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Clarion Herald: A Never-Ending Story at Brother Martin

All information derived from Clarion Herald article. 
Story and photos by Beth Donze, Clarion Herald

Jill Gomez compared the odor to the moldering stench of flowers left in a vase of water for too long.

“Let’s multiply that smell; let’s think about when water sits – what it does to everything around it,” said Gomez, formation director at Brother Martin High School, describing one of her most vivid memories of the aftermath of Hurricane Katrina.

“You would see a distinct water line in the city, where everything below that line was just dead and rotten and nasty,” Gomez said. “It’s hard to explain when you’re driving down the street and every single building is destroyed.”

Although sensory recollections such as these are etched into the minds of more than a million south Louisianians from that dark time in 2005, those who are too young to remember the disaster – or who had yet to be born – must rely on the firsthand accounts of others.

That was the impetus behind a recent living history program at Brother Martin that asked faculty and staff to share their Katrina “war stories” with every eighth grader during two days of classroom visits.

In addition to learning Katrina-spawned vocabulary words such as “MRE,” “blue roof,” “canned water,” “Katrina trailer” and “the ‘X’ sign” that marked the doors of searched houses, the 14- and 15-year-olds felt history come into sharp focus through their teachers’ personal anecdotes of despair and hope.

When in doubt, hibernate

Gomez was a Brother Martin guidance counselor and the mother of a 3-year-old when she evacuated to Bossier City and Baton Rouge for Katrina with nearly two dozen members of her extended family.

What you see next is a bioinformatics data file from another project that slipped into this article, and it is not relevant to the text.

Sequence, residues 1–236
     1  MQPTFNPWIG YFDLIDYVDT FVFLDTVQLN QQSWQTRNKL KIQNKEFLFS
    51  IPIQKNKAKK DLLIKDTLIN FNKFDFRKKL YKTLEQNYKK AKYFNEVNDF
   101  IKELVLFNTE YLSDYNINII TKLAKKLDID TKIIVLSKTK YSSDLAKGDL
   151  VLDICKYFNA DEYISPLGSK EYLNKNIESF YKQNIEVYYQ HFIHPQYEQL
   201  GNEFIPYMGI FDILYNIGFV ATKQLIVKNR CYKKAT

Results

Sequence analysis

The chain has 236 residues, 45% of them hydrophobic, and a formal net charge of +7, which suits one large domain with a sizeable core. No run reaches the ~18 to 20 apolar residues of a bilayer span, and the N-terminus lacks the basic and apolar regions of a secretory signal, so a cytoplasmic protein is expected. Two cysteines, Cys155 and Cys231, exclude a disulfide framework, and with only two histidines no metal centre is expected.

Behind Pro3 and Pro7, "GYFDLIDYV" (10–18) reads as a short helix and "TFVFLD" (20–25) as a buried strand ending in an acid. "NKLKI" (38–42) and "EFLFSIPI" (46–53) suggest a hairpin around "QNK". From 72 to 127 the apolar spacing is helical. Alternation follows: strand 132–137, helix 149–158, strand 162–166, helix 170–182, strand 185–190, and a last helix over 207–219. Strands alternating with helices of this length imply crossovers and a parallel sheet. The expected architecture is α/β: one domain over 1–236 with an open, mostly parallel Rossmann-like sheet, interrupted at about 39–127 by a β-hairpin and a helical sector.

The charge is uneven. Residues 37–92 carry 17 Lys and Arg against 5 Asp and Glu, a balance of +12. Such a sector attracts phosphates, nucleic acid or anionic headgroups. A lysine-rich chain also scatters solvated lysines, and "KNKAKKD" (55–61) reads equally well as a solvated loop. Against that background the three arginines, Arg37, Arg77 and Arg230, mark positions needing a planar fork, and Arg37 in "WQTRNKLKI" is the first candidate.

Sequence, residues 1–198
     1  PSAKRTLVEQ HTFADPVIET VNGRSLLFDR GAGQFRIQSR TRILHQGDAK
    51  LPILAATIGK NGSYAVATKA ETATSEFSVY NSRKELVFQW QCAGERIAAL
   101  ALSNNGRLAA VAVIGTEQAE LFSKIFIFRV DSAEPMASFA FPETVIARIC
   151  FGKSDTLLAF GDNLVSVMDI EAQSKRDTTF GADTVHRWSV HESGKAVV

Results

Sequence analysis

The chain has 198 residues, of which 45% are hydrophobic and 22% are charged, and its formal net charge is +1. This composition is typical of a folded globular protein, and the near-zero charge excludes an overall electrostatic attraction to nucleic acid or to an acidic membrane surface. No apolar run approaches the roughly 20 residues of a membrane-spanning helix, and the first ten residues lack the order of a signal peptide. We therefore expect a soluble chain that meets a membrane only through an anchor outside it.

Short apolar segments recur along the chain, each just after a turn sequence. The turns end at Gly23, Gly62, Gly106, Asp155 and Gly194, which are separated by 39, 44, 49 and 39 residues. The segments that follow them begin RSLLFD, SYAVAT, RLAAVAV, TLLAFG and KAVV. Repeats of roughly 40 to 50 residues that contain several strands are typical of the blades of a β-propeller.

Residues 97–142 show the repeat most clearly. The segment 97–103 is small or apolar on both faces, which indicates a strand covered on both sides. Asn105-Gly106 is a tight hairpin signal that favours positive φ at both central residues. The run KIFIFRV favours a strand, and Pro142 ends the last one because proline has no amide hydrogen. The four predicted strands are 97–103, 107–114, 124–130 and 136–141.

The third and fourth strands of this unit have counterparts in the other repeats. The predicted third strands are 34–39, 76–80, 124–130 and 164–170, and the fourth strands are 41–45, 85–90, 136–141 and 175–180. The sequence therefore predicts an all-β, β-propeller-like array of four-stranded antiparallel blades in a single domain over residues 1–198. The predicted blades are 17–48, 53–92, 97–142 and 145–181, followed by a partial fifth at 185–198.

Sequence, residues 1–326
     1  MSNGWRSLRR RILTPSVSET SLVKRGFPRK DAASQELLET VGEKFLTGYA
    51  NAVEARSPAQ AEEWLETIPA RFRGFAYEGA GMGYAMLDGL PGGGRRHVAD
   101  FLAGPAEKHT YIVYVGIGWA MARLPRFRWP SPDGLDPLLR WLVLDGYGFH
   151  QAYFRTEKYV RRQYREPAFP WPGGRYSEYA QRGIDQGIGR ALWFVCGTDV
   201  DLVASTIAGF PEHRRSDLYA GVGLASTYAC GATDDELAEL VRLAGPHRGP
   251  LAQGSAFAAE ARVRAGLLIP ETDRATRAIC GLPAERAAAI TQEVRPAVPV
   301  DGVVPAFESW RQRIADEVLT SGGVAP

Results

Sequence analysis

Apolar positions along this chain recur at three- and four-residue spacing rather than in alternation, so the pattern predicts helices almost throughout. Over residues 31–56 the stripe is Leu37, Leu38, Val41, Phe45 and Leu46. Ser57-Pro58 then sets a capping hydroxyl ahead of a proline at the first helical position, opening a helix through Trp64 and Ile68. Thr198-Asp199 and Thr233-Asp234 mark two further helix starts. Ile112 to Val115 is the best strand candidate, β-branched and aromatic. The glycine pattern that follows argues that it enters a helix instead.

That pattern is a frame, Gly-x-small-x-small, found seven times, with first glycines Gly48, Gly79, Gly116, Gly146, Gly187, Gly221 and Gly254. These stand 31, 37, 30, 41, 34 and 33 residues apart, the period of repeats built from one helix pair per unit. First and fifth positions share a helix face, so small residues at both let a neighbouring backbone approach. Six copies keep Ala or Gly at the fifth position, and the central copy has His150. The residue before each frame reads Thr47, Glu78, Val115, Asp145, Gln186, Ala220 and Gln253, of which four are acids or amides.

Her main concern at the time was the whereabouts of her elderly grandfather, who had ridden out the hurricane in a flood-prone area of Metairie.

“This is how he got word to us that he was OK,” Gomez told the eighth graders. “He walked to my house, which was about a mile away; broke into my back window; took the keys to my truck and drove to Baton Rouge.”

Gomez related another story of survival: the discovery of her mother’s pet ferrets, safe and dry, on the top floor of their flooded home.

“They had hibernated. It was pretty cool!” Gomez said. “It was a little piece of God right there that my mother’s animals had lived.”

Catholic High a ‘sanctuary’

Jerry Ursin III, a Brother Martin junior at the time of Katrina and his alma mater’s current assistant dean of students, said he and his twin brother initially thought the storm would cause the usual weather-related disruption: the closure of school for “a couple of days.”

Ursin realized the seriousness of the situation when he saw televised images of the levee breaches along the 17th Street Canal while evacuated in Florida. His family’s home was a mere five blocks away from the levee break, on the devastated Orleans Parish side.